War of the Rebellion: Serial 040 Page 0346 N. VA., W. VA., MD., AND PA. Chapter XXXVII.

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May 1, 1863. (Received May 1-4.25 p. m.)

ABRAHAM LINCOLN, President of the United States:

I am hourly receiving dispatches from the western part of this State. I presume you are well informed as to the doings of the rebels now threatening our border, and I have assured the people of that region that the General Government has the means and the disposition to protect them.

The following dispatches have just been received from Pittsburgh, dated this day:

The undersigned, who were present at a meeting of citizens to-day to confer with Governor Peirpoint, Senator [W. T.] Willey, and other Virginians, in relation to the threatening position of affairs on the border, by direction of that meeting, respectfully and earnestly request that you will immediately call out, or authorize General Thomas M. Howe to order out, such militia force as he may deem necessary to co-operate with the Federal forces now retreating from the border of Virginia and falling back on Pennsylvania.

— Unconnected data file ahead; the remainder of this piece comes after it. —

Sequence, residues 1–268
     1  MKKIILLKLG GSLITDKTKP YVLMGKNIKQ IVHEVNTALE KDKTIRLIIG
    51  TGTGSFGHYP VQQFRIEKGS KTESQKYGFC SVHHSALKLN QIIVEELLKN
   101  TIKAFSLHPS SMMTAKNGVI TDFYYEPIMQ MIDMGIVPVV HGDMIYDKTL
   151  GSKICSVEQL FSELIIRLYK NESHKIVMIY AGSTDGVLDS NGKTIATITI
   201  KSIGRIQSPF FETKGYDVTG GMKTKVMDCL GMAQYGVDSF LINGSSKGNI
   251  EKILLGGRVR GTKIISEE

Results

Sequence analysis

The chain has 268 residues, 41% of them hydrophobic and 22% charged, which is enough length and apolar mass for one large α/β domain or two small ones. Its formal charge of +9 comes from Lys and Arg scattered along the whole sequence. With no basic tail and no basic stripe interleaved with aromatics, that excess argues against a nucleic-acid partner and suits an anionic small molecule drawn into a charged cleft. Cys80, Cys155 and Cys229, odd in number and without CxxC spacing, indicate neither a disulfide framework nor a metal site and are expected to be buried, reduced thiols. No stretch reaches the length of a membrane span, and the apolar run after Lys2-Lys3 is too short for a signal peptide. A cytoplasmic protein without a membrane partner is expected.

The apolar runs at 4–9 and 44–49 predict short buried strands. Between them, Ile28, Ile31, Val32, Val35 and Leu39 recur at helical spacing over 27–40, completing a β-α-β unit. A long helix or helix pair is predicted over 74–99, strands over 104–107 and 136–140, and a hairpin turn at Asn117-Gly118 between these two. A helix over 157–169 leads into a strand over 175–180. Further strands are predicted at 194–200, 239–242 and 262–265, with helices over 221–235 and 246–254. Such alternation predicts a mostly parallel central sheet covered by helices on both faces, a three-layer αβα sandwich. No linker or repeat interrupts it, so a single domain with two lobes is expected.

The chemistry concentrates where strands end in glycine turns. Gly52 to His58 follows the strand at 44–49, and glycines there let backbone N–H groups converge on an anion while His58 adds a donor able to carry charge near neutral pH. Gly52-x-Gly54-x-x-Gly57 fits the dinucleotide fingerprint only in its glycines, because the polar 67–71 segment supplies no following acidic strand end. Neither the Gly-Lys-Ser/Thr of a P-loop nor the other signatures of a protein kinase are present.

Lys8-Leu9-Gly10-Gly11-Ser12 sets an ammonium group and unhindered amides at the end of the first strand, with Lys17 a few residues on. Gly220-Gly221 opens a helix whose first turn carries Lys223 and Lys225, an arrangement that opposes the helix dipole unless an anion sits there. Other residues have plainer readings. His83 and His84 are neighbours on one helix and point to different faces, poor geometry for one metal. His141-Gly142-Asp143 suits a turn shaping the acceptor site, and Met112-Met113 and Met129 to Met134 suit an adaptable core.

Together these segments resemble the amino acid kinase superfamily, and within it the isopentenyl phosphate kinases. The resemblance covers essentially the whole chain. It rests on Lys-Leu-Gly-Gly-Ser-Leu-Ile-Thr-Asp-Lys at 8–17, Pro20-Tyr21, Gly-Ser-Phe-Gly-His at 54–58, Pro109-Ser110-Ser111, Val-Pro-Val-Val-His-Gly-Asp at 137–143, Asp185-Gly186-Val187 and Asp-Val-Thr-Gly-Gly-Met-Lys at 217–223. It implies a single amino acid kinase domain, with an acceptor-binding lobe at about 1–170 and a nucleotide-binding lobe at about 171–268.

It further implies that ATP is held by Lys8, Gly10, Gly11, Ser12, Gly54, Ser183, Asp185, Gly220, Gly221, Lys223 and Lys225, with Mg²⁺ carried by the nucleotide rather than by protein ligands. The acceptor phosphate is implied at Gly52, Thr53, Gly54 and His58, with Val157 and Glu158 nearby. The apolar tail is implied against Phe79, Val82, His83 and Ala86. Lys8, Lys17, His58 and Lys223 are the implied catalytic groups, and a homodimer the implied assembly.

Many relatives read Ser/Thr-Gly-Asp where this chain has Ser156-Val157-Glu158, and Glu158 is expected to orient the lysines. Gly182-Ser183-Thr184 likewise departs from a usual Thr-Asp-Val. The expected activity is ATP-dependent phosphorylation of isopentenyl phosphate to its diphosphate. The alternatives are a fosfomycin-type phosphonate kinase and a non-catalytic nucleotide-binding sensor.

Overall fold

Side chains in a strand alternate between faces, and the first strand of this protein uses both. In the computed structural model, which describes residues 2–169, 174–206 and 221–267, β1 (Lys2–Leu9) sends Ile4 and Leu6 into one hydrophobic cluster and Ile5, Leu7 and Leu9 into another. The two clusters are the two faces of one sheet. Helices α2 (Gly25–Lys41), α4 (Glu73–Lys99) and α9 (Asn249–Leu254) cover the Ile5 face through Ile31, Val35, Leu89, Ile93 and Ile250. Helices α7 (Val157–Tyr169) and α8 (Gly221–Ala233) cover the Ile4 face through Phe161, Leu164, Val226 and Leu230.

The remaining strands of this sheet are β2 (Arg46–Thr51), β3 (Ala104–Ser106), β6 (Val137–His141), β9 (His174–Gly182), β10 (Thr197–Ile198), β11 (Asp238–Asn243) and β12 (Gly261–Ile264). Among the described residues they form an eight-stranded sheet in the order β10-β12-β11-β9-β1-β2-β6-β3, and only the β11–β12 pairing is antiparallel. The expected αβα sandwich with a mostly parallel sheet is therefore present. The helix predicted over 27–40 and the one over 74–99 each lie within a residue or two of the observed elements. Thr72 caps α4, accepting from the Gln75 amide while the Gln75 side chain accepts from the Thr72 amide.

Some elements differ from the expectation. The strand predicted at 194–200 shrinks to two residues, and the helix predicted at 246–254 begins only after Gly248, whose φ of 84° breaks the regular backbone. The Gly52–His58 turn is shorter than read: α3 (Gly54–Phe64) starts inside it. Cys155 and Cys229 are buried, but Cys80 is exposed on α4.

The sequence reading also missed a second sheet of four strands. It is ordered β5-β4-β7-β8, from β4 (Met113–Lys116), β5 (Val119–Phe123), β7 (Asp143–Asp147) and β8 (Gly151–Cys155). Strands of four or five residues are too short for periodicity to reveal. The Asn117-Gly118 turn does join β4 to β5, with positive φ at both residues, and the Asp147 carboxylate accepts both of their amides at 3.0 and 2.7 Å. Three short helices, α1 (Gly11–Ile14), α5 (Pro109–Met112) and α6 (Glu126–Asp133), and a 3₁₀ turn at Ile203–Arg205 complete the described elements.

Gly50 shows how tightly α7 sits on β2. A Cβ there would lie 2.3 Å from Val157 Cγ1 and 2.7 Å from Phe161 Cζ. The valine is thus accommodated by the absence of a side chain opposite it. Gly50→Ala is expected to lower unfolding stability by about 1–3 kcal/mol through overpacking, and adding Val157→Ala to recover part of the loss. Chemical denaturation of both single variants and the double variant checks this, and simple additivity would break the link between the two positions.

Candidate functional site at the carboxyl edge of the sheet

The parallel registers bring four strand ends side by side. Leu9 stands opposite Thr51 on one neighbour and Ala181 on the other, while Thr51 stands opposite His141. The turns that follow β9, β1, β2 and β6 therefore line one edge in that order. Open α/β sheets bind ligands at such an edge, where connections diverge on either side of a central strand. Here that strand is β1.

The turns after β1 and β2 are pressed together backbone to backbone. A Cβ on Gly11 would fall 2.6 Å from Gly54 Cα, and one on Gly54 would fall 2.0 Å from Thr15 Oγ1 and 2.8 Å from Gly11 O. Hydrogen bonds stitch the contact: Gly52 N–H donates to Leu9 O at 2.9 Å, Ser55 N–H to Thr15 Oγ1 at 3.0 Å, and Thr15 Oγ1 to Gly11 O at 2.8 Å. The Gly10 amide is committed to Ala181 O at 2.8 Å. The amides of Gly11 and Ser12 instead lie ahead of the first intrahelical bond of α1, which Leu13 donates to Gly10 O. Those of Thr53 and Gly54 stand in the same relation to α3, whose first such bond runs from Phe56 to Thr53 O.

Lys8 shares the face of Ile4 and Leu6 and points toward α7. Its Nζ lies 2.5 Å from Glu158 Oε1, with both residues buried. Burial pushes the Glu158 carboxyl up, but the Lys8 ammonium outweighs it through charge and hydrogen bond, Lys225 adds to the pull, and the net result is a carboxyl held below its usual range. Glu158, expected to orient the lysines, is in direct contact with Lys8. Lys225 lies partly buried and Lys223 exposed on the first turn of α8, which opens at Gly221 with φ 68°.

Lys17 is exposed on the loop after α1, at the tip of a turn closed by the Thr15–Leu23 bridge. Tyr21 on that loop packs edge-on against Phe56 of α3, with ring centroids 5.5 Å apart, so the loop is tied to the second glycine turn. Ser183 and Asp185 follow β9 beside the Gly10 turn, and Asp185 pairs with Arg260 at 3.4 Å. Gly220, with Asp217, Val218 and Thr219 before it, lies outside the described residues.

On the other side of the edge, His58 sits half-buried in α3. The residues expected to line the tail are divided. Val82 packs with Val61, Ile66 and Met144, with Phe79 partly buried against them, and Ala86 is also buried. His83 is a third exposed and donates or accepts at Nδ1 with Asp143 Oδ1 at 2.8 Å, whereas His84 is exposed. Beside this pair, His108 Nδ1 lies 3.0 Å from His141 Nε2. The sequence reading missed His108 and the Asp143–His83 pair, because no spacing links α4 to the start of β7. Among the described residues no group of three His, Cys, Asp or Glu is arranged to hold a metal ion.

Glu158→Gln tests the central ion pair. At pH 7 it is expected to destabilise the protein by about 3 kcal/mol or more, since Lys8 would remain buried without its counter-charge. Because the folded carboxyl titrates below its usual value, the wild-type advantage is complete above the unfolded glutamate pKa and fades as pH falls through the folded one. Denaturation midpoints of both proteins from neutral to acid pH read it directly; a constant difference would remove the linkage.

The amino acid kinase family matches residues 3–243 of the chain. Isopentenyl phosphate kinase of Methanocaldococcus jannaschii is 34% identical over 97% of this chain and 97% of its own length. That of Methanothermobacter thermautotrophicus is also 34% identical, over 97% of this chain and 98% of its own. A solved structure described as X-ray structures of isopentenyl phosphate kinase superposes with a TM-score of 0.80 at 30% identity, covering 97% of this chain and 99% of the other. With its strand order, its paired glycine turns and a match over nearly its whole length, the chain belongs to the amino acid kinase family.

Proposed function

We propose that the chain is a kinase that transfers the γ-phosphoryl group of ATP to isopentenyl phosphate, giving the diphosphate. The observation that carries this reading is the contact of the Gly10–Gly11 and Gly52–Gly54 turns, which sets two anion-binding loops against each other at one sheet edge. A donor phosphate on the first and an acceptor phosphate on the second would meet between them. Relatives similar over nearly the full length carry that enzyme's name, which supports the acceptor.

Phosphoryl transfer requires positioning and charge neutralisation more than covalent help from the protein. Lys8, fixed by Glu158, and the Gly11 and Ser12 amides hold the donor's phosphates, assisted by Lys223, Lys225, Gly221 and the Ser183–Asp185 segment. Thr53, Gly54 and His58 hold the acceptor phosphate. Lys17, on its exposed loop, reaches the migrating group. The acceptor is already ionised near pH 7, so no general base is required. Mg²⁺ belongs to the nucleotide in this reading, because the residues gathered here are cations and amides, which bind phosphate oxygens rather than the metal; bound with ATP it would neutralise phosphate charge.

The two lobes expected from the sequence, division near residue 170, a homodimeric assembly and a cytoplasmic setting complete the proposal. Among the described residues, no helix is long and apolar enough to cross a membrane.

Also signed by John harper, C. W. Batchelor, Charles McKnight, James Park, jr., J. P. Penney, William M. Shinn. R. B. Carnahan, Robert P. Nevis, and others.

I would respectfully ask that the Fifteenth Pennsylvania Militia be sent at once to Fayette County, to join Major Showalter's battalion of Sixth Virginia in operation against the rebels now threatening Pennsylvania.

This regiment is ready to move.

Answer to General Howe.


Governor of Virginia.

I have had other dispatches, stating hat the Union forces have been repulsed and are falling back into Pennsylvania. I also learn from Governor Peirpoint that the rebels ar having everything their own way in Western Virginia, owing to their superior numbers.

I should be pleased to have you opinion as to the propriety of my complying with the requests contained int he above-quoted dispatched.

If it is your pleasure that I should call out the militia, immediate arrangements should be made for their transportation and subsistence. An immediate answer will greatly oblige.

I send copy of this dispatch to General Schenck.


Governor of Pennsylvania.

HARRISBURG, PA., May 1, 1863.

ABRAHAM LINCOLN, President of the United States:

I am so importuned from the west, where a great deal of alarm and anxiety justly prevails, that you will pardon me for earnestly requesting an answer to my dispatch of this p. m, so that I may be informed what preparations or means, if any, are being made use of or desired to protect this State from threatened invasion. The rebel force is doubtless greatly magnified, but there can be no doubt of it being much larger that our own.

Troops sent from Baltimore by railroad could reach union, Fayette County, in seventeen hours. A force sent at once would quiet all apprehension in Western Pennsylvania.